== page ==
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Half-Life presents entertaining set for gamers

A graphic from the video game
A graphic from the video game


A graphic from the video game
A graphic from the video game

Valve is such a great company. It has numerous great titles that have shaken the industry. But in the beginning while it was a relatively unknown company, with no history what so ever, not many had many expectations for them. However, in 1998 they took everything we knew about the predictable shooting genre, re-examined it, improved it, and then meshed it together to create the consistently entertaining game we know as Half – Life.

It’ll be hard for people who haven’t played the game to understand what’s so great about it. It has your usual arsenal that you expect from a shooter and a few alien weapons to add some variety. The enemies are fairly standard and the levels have also been done to death before this game. So what’s so great?

The secret to Half-Life’s success is the sum of its parts; it amped up the boringly predictable shooting genre by adding improving the reality of it. For example:

In Half-Life, weapons and ammo are taken from dead soldiers or other logical places, like a weapons locker. Ammo isn’t lying around in the form of glowing icons or leather helmets, instead, you’re wearing a battery-powered hazard suit, but since it’s a fairly standard bit of equipment in this secret base, power outlets are conveniently scattered throughout the complex. Doing this makes the game world feel all that much more real. The more real it feels, the more the player is sucked into the game. This is called suspension of disbelief, and while few game developers seem to be aware of it, Valve is and they make it work for them, over and over again.

While the enemies themselves may be a little plain, their Artificial Intelligence makes them one of the toughest creatures you’ll ever face off. They yell things that are relevant to the combat such as: “Fire in the Hole!” or “Look Out!” while the grenades or the bullets are whizzing through the area. Also, unlike other games, they actually cooperate and use teamwork to defeat you, such as, dividing into squads and trying to hit you from multiple sides while one guy keeps you distracted with grenades.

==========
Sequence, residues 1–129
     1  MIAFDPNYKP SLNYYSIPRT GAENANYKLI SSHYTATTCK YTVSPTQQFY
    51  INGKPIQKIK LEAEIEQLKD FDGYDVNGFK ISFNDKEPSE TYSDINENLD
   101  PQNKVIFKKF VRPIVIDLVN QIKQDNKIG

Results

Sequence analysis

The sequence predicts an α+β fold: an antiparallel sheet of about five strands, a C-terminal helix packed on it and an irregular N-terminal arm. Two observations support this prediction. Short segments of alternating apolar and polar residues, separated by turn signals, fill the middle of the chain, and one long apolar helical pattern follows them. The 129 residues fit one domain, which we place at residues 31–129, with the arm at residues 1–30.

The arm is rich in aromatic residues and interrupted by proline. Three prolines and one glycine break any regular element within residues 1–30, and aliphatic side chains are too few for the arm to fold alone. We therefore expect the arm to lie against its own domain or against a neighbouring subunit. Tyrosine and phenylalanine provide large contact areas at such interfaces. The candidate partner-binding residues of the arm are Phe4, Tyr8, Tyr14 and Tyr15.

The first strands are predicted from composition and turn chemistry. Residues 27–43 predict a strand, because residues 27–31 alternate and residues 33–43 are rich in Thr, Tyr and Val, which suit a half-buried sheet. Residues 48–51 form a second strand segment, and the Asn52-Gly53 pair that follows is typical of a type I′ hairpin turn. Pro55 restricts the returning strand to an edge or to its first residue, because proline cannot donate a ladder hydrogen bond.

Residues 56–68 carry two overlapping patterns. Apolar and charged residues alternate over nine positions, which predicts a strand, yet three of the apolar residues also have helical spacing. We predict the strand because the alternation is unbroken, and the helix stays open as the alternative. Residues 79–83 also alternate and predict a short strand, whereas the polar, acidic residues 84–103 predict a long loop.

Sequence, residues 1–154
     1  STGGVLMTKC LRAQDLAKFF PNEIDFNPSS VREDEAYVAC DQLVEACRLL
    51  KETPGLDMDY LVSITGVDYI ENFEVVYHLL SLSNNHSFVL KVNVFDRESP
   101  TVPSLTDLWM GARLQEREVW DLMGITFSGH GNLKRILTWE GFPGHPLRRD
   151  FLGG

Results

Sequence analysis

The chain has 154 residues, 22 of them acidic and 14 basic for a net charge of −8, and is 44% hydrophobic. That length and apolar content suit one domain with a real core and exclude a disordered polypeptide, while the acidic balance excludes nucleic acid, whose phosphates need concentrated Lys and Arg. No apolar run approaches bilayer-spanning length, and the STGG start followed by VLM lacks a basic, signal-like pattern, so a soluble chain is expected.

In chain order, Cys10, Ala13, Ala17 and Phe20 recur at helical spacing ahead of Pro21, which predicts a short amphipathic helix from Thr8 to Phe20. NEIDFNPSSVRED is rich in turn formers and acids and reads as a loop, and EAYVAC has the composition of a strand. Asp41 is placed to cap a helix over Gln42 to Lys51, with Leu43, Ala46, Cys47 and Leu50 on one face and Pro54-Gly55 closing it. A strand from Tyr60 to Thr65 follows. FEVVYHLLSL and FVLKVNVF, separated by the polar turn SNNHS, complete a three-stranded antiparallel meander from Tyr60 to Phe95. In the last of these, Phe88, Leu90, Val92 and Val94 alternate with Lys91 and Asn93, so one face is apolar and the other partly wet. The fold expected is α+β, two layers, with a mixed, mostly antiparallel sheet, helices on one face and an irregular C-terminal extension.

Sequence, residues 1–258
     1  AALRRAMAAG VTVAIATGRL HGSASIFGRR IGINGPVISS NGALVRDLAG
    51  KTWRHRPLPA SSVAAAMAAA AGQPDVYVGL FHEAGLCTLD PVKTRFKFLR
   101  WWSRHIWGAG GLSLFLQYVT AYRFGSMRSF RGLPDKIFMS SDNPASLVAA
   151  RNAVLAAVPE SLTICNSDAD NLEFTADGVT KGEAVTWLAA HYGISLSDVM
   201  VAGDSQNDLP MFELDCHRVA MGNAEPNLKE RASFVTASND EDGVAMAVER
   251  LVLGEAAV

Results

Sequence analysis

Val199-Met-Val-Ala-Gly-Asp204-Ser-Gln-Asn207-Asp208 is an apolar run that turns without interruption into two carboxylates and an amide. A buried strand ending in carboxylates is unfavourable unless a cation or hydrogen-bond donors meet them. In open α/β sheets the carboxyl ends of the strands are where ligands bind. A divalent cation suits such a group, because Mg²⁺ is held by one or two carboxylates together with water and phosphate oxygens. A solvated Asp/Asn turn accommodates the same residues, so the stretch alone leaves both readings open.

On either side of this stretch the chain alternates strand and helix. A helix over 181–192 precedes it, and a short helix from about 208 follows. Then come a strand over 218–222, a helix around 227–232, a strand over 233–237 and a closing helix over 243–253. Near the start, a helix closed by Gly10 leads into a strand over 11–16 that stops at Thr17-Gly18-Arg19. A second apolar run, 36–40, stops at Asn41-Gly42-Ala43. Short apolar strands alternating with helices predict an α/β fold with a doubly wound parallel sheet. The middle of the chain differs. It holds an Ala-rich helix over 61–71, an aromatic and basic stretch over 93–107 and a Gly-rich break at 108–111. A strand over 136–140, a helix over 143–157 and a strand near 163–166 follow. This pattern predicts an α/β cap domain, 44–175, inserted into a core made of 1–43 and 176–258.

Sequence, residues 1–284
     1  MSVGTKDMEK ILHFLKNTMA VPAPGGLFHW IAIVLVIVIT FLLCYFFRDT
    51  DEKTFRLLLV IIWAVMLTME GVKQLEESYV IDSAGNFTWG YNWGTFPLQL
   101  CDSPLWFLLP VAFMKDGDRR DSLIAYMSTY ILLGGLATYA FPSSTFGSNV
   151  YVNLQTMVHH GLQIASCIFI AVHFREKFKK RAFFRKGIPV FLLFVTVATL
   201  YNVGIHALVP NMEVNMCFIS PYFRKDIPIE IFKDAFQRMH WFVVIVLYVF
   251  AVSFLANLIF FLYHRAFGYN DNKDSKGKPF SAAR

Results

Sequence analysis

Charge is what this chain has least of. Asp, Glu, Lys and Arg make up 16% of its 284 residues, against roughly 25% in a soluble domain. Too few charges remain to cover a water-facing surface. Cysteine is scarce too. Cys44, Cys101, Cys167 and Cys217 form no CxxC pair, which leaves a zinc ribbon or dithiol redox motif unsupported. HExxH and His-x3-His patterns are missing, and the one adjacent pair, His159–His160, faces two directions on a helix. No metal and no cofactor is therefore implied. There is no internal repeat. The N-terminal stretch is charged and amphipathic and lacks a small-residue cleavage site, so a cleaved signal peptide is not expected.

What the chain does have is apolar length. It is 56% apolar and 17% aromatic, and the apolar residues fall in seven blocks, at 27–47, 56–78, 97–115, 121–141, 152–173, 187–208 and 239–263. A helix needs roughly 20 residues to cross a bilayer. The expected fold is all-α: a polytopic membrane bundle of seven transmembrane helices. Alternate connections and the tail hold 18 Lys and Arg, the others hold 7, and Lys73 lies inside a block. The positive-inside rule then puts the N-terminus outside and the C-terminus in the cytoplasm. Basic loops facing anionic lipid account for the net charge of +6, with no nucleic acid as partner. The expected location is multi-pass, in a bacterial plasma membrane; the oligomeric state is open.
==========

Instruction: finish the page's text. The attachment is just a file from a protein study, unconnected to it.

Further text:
It’s surprising how well intergrated and entertaining Half-Life’s enemies are, but it works, and it would be worth to play just for the combat. But wait, there’s more. How many times have you cleared a gruesome and bloody area just to go into a loading screen and continue into another gruesome and bloody area, just to repeat the same thing? Well, in Half-Life, things like “Levels” don’t exist, instead the world feels like one continuous area with relatively small pauses and loads when you move between one area and another.

Althoug, this sometimes causes problems when enemies are placed to close to the transition between mini-areas and you accidently walk from one area to the other, mistakenly triggering a loading screen. But this problem aside, Half-Life’s mine-areas make a more flowing and realistic world, and at the same time a more immersive one.

Speaking of worlds, Half-Life is a big one. Ranging from labs and warehouses to monorails and gun bunkers to missile silos and parking garages, there is a variety that will never bore you. Virtually every area in Half-Life is interesting and unique.

This variety makes you want to keep playing Half-Life all the way through. Unlike other game where you’re like, “Eh, I’ve probably seen it all. If I keep playing, there will only be more stronger enemies with more weapons and different levels.” This is certainly not the case with Half-Life.

Carefully designed as a single player experience, every event in Half-Life is a new challenge, nearly every room throws something you haven’t seen before, every sound signaling that something horrible is about to happen; the abundant number of hand-scripted events and little scenes that the keep game flowing smoothly, gives you a reason to keep playing. I haven’t had so much fun playing a game in years. I have not been frightened by a game in years. I have not dreaded corners like I have dreaded corners in this game in years. Half-Life is a superbly ambient game.

That doesn’t mean it doesn’t have problems, however. The elevators have a horrible sticking problem, and ladders are weird and awkward to climb. Plus, the game sometimes slows downs and chokes when something huge, like and explosion, happens. But in comparison to such a great game, these are minor problems.

Honestly the only problem to Half-Life was some of the level designs, specifically in the middle of the game where the tension drops as your forced to navigate dark sewer tunnels in order to locate some switches. However, once you get past the sewers, a train puzzle and the obligatory underwater maze, once you fight your way back out into the open area where you have to mix it up with the camo guys again, the game’s tension rises considerably, and some of the final levels in the military base are truly some of the greatest single player levels ever made.

Anyway, those are some of the things that make Half-Life the amazing game it is. It questions elements of the shooter genre and reworks them or gets ride of them as necessary in order to make a smoother, more engrossing game. It constantly presents you with variety, surprises, and new challenges to keep you hooked. It is one of the pinnacles in game design, the definitive single player game in a first person shooter. Don’t cheat yourself; play this game.

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